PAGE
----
Opportunities for GIS in the Public Sector in Troubled Times
The UK government has recently discussed austerity measures, potentially at a scale not seen before. The worst-case scenario here is a 40% reduction in budgets. Now, I’m pretty sure that the government is playing the ‘throw in your worst case deal, then withdraw to the middle ground which looks better’. Probably something around the 25-30% mark is more likely. Having said that, even this kind of figure is a massive amount. In any government organisation that isn’t ringfenced (and that’s everything bar Health and Oversees Aid), that’s going to have a huge impact. Organisations can weather a 5-10% reduction in natural wastage, but 25% is going to be difficult.
Inevitably this is going to result in staff reductions. I myself have been a little unfortunate in all of this, because of the result of a decrease in the amount of work I’m doing. And it’s not nice that these are real people that are going to suffer as a result of it – blame whoever, politics aside, it’s going to hit real folk.
How does GIS fit into this? Well, as the government seeks to reduce overall IT spend, we’ve got to consider ways that GIS can be of benefit. So much GIS work depends upon public sector orders, that if we’re not careful, it will become another inevitable casualty of the cutbacks.
If we’re wise, it could be seen to be one of the areas that provides benefit to the change process. I can see this in a number of ways.
Sadly, as people are removed from their positions, we’re going to see a dependency on automation of labour. This is where such things as data validation are going to be crucial. Processes, which were performed by manual cast-eyes and Access database manipulation, will need to be replaced by automated tasks based upon minimal human interaction. In GIS world, this is where government needs to start thinking about using Spatial ETL or Data Validation products to ensure that this happens. It’s also about convincing the sector that data quality and automation are worthwhile investments for reduced costs downstream – longer terms costs are driven down. Cost benefit analysis on FTEs vs licences will have to be executed. Again, potentially it’s ‘not nice’, but an inevitability of where we’re at, at the moment.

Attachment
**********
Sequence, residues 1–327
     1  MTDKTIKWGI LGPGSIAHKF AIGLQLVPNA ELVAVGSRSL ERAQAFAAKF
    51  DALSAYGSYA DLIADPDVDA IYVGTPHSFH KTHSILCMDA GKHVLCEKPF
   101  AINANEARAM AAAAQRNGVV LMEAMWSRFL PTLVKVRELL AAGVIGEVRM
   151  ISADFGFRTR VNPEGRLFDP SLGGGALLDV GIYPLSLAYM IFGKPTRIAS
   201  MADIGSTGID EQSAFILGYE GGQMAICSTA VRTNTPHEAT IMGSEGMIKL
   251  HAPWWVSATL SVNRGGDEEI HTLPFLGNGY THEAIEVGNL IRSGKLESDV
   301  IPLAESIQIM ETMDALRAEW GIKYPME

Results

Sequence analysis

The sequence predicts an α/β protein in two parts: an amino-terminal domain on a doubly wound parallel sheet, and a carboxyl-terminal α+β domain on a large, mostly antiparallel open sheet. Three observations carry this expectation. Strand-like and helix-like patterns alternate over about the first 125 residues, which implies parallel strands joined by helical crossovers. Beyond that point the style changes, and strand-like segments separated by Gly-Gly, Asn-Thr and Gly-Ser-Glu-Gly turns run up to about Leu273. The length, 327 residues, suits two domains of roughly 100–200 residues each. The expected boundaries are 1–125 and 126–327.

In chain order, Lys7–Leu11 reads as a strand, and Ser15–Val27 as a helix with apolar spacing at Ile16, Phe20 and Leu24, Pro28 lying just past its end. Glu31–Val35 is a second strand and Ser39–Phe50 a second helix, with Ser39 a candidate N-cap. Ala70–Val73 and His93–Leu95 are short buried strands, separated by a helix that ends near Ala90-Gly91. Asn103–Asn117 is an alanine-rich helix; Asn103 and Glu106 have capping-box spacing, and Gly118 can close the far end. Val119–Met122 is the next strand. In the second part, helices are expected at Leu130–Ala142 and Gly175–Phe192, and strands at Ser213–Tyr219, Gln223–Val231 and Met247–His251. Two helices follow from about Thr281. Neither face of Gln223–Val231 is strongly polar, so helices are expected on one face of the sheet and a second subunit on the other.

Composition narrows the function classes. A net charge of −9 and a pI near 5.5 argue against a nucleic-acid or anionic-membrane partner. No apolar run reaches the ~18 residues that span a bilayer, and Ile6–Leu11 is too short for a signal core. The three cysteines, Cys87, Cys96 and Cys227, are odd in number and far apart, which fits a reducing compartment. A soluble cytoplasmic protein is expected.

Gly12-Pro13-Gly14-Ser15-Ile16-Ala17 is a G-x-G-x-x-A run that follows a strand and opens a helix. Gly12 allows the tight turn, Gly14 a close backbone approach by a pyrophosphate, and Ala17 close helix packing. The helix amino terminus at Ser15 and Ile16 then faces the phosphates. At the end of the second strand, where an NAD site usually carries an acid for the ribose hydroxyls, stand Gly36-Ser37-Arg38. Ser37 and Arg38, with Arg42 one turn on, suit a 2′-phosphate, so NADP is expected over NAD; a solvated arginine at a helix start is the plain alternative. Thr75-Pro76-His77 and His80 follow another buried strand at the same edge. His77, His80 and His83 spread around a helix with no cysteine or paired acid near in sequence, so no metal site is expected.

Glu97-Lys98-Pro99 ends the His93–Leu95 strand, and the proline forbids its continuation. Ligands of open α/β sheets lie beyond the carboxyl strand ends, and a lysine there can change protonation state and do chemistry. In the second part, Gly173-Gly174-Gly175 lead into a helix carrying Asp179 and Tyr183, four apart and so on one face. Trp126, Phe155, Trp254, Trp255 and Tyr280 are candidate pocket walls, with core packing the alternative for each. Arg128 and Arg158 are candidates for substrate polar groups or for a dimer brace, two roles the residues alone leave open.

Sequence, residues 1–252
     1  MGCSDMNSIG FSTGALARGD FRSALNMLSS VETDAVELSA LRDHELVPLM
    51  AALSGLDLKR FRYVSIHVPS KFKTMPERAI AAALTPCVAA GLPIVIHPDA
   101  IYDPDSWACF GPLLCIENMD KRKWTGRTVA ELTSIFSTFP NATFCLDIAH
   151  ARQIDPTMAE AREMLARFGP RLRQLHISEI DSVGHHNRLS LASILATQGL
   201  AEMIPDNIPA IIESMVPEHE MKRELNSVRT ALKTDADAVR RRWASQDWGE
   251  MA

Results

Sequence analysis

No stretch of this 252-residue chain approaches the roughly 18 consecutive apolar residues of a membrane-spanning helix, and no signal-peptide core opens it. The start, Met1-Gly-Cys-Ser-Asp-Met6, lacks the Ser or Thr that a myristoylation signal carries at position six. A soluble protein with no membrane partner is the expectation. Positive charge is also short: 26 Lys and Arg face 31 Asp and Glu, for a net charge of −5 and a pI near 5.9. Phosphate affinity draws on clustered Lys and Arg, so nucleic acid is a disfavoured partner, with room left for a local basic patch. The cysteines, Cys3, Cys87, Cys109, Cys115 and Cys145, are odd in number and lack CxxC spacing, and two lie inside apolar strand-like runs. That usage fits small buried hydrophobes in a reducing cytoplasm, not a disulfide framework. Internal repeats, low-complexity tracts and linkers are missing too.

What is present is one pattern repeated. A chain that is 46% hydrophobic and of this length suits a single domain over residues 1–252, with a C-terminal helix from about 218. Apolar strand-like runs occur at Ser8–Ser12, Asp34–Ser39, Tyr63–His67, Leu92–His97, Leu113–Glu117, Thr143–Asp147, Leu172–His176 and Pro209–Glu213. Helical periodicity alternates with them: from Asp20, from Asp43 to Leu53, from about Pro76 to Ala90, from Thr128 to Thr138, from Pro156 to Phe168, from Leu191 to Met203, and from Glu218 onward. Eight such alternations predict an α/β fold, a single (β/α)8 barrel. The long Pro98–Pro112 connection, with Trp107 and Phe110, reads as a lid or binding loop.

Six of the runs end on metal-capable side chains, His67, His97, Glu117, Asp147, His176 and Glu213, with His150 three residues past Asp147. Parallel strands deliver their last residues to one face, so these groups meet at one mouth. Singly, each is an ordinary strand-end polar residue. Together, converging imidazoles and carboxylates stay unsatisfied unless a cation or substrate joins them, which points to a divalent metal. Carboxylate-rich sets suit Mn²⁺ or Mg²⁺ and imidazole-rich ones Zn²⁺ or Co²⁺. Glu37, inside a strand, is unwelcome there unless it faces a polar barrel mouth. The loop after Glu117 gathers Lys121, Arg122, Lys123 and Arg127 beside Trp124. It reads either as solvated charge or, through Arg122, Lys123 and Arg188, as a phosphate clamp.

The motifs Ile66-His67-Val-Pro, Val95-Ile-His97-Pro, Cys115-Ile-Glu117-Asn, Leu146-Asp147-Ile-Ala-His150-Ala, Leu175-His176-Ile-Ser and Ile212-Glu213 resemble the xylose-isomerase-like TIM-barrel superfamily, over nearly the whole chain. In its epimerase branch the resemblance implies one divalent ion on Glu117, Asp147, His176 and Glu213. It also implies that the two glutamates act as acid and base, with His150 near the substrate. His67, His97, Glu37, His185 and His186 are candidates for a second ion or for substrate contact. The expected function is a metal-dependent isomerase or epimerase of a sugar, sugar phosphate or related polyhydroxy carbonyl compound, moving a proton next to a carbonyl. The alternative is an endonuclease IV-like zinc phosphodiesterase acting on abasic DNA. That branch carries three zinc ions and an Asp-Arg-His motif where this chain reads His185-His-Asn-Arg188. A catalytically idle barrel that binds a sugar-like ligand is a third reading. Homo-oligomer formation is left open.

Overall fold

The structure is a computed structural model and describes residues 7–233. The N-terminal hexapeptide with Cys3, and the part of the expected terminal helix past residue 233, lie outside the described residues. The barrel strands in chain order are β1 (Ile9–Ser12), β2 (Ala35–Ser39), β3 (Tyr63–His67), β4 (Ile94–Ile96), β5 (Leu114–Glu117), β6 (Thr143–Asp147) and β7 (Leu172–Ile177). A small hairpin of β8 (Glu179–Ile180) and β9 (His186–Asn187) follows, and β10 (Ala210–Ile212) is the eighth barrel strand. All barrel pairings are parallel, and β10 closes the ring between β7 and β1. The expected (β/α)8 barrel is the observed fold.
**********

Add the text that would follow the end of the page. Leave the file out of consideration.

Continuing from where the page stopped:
Hosting & sharing
The government g-Cloud is gaining profile, and for good reason. As there is the move to more centralised hosting and data storage, there are opportunities for cost reduction based on reduction of numbers of IT teams. Again, it’s a regretful place where we’re at, but there are opportunities to rationalise systems into secure multi-hosting of government systems. In the GIS world, this may provide advantage in data sharing, where seemingly disparate government data holders have their data physically close, which should push data sharing even further. It also forces organisations, who themselves have physically disparate hosting, to think about how to consolidate their own infrastructure space. This does give rise to network speed issues (particularly with the transferral of local data), but the overall benefits should outweigh the disadvantages. Equally, non-functional requirements type-risks are moved to the host and away from the government department themselves.
This one will require a mindset shift. IT teams within the public sector are under threat by this, where they will no longer be responsible for ‘their own patch’. Hosting providers may take the ‘best of breed’ IT staff from the public sector to aid them in transition.